After three years of dedicated effort to establish itself as a premier venue for DJ talent from around the world, San Francisco–based Mezzanine wanted to start competing for top-name live acts. To do this, the club hired production manager Josh Roberts (Ben Harper, Beth Orton, King Crimson, Meat Beat Manifesto, among others). One of his first to-do items, Roberts brought in an entirely different sound system.
"We had a four-way Funktion One loudspeaker system that delivered great highs and lows, but they lacked the midrange required for live concert sound," says Roberts. "Besides, it's unnatural to watch a band onstage and have sound coming at you from all around. What we really needed was a left/right stereo setup that would deliver the proper imaging and coverage."
Due to the very challenging shape of Mezzanine's main room, Roberts sought the assistance of Mike Lacina, owner of San Francisco–based JK Sound. Lecina says, "The club's size and lack of symmetry posed serious challenges in loudspeaker system design."
Mezzanine's main room is long and narrow, with 18-foot ceilings and a mezzanine level that extends half the length of the sidewall and two-thirds of the back, overlooking the dance floor. A DJ platform and stage area located in the back-left corner at the intersection of the short, 60-foot back wall and the 100-foot side wall. Two bars, a coat check room, bathrooms and a staircase are situated around the side and back.
Lecina continues, "A left/right loudspeaker configuration had to project a long way to the back wall without spilling excess energy on the side walls, which was challenging enough. But with the stage in the corner, the projection angles were a nightmare for all but the most highly directional loudspeakers." Lacina chose EAW's KF730 Series line array.
"A nightclub isn't the first place you'd think to install a line array, but the KF730s are compact enough for the space, yet they deliver extraordinary SPL for their size," explains Lacina. "With their exceptional vertical and horizontal pattern control, we were able to get an even dispersion from the front to the back of the venue, along with the sonic clarity and power response I've come to expect from EAW."
The live rig, which augments the existing DJ system rather than replacing it, comprises two line arrays made up of six EAW KF730 loudspeakers each. Four EAW SB1000 subwoofers are located under the stage. Power for both systems is provided by three QSC 6.0 MkIIs, a pair of QSC 4.0s and three QSC 2.0s. Lacina also designed a switching system that allows the amplifiers to power both the DJ and live rigs, while saved profiles on a pair of XTA DP226 processors allow technical staff to quickly recall processor settings for both systems.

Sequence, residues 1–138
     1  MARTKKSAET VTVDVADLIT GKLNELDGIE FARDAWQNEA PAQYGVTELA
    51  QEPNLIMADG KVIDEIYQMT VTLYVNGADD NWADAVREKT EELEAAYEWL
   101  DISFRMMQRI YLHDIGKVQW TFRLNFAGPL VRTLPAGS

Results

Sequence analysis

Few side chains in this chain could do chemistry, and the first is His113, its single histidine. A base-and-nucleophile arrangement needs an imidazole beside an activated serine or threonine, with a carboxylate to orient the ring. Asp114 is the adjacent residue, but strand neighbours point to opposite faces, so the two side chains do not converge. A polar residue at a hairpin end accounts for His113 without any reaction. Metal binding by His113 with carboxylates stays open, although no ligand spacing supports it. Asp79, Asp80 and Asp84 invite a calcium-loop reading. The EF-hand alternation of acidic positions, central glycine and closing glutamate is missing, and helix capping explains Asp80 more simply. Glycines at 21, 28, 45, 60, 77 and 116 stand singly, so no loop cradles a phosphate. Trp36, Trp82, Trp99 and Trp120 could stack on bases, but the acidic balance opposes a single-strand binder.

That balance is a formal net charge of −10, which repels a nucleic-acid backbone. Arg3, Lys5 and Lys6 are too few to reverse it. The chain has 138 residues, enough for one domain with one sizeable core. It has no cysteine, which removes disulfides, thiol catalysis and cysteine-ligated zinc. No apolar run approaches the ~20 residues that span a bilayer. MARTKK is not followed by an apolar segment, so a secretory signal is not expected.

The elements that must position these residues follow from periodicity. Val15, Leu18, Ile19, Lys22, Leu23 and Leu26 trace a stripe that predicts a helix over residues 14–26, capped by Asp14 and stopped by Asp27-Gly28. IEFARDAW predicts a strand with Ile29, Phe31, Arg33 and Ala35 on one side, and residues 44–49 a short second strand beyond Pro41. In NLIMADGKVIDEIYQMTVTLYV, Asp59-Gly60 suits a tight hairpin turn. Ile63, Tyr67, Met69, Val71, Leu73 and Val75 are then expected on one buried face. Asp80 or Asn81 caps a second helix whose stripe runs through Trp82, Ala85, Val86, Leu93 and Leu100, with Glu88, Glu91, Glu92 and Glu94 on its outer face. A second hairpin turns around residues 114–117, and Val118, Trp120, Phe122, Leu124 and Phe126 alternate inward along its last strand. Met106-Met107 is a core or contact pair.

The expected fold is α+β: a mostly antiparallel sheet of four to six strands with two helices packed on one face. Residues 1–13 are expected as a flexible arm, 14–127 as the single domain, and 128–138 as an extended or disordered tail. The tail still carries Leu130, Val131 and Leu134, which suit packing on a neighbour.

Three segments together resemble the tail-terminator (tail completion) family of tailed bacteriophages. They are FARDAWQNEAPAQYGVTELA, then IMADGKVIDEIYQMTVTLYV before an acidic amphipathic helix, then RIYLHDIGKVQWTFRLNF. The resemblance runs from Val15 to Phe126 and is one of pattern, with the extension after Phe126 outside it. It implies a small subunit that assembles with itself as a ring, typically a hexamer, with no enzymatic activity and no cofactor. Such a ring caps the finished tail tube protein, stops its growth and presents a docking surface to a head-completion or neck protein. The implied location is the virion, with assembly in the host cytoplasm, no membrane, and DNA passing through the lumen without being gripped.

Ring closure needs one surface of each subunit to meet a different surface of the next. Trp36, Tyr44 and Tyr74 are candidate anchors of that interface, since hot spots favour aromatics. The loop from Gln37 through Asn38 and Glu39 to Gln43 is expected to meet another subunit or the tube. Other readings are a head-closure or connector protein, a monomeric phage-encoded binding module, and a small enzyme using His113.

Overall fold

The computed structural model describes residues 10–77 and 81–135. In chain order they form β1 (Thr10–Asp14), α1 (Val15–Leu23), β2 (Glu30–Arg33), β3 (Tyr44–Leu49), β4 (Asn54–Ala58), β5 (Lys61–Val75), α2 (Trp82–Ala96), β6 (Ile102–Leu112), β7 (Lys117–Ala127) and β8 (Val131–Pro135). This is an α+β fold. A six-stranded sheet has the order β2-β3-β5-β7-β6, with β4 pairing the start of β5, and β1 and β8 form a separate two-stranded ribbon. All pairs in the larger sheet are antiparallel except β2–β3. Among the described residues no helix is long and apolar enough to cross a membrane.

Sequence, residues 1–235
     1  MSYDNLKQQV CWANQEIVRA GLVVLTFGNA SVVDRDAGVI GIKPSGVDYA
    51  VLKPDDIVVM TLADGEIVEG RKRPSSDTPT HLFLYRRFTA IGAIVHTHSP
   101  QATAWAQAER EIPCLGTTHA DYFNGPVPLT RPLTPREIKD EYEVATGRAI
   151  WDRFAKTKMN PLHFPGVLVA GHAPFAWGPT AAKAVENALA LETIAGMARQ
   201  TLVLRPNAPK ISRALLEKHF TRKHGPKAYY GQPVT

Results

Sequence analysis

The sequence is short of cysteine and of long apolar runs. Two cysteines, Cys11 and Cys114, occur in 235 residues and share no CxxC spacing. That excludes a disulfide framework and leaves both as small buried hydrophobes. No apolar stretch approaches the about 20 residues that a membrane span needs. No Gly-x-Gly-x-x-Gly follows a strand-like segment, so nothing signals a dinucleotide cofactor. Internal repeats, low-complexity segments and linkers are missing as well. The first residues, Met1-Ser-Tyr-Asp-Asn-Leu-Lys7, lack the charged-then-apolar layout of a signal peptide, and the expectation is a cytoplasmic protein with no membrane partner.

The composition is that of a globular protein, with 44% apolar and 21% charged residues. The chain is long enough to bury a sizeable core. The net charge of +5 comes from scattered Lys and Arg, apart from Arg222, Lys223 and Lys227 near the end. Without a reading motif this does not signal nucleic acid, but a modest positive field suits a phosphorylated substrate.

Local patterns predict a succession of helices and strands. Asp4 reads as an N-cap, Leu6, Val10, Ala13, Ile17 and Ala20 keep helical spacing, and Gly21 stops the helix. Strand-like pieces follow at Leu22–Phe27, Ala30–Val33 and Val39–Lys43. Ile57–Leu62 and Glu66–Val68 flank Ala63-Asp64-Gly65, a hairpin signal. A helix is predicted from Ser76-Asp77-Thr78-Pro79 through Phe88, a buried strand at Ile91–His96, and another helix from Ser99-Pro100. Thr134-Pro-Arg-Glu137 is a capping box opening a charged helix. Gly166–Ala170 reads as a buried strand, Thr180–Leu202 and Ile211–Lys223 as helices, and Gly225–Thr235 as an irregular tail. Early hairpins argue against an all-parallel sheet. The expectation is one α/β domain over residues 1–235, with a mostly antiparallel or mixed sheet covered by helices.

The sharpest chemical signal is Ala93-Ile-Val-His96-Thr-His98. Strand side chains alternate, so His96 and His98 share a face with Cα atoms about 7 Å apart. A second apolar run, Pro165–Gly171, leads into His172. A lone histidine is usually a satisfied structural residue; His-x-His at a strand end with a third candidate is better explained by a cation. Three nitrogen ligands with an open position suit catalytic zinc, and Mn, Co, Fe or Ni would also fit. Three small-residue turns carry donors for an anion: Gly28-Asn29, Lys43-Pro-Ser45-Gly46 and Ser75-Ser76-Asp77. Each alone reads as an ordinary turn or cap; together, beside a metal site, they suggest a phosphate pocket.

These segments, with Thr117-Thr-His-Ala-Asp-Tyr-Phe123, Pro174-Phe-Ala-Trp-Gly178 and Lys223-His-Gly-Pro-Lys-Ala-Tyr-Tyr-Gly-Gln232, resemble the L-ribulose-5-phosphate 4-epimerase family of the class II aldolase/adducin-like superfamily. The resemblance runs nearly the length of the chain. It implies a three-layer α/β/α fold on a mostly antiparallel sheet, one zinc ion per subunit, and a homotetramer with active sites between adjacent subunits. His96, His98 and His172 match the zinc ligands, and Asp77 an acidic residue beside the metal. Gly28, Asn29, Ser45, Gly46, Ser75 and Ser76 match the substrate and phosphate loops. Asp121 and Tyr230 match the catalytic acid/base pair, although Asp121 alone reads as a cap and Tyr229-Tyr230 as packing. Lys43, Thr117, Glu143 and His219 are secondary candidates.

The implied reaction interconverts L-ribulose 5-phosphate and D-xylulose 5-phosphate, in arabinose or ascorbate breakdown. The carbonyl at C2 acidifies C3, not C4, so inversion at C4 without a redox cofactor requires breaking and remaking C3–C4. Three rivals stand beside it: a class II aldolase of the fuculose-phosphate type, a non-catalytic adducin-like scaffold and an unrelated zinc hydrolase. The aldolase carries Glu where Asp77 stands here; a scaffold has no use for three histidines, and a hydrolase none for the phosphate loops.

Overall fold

"Mezzanine's stage isn't just in the corner; it's at a 20-degree angle," explaines Katz. "So instead of flying the arrays from the existing beams and joists on the ceiling, we had to fabricate our own 4x6 joists for strength. In the end, EAW's Wizard modeling software was our real savior. It helped us to fine tune the line arrays at the necessary fly points and even helped us compensate for a troublesome concrete beam that was 10 feet from the right stack."
"We're amazed with the coverage we achieved,” says Lecina. “From the front edge of the stage all the way to the mix position at the back of the room, the P.A. delivers even, clear coverage. There are lots of venues in San Francisco with great sound, but I think Mezzanine is the only one where there's such uniform coverage throughout."
"We've hosted top live talent like Mos Def, Alpha Blondi, The National, Michael Franti and Ozomotli and they couldn't be happier with Mezzanine," concludes Roberts. "In fact, some have even taken the unusual step of calling their national booking agents to praise Mezzanine's sound quality for future reference. That's exactly the result we wanted to ensure Mezzanine's position to attract the hottest talent, which, in turn, assures the success of a truly great club."